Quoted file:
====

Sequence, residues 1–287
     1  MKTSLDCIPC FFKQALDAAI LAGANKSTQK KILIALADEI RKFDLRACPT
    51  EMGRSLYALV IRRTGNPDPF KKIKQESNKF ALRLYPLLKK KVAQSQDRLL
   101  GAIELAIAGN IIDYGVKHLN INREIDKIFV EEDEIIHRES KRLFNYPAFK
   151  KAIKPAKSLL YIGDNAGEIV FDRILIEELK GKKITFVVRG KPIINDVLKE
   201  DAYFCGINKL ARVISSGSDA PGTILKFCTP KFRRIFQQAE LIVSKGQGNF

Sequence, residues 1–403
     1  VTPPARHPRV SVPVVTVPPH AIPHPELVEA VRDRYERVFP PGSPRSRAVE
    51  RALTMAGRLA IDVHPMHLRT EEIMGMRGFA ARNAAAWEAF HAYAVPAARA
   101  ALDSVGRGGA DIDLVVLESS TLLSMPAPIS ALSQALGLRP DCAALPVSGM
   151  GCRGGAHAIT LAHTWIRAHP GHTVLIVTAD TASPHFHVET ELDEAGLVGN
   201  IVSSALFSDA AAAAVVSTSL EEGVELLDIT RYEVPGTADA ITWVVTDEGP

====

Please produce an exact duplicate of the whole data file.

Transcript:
Sequence, residues 1–287
     1  MKTSLDCIPC FFKQALDAAI LAGANKSTQK KILIALADEI RKFDLRACPT
    51  EMGRSLYALV IRRTGNPDPF KKIKQESNKF ALRLYPLLKK KVAQSQDRLL
   101  GAIELAIAGN IIDYGVKHLN INREIDKIFV EEDEIIHRES KRLFNYPAFK
   151  KAIKPAKSLL YIGDNAGEIV FDRILIEELK GKKITFVVRG KPIINDVLKE
   201  DAYFCGINKL ARVISSGSDA PGTILKFCTP KFRRIFQQAE LIVSKGQGNF

Sequence, residues 1–403
     1  VTPPARHPRV SVPVVTVPPH AIPHPELVEA VRDRYERVFP PGSPRSRAVE
    51  RALTMAGRLA IDVHPMHLRT EEIMGMRGFA ARNAAAWEAF HAYAVPAARA
   101  ALDSVGRGGA DIDLVVLESS TLLSMPAPIS ALSQALGLRP DCAALPVSGM
   151  GCRGGAHAIT LAHTWIRAHP GHTVLIVTAD TASPHFHVET ELDEAGLVGN
   201  IVSSALFSDA AAAAVVSTSL EEGVELLDIT RYEVPGTADA ITWVVTDEGP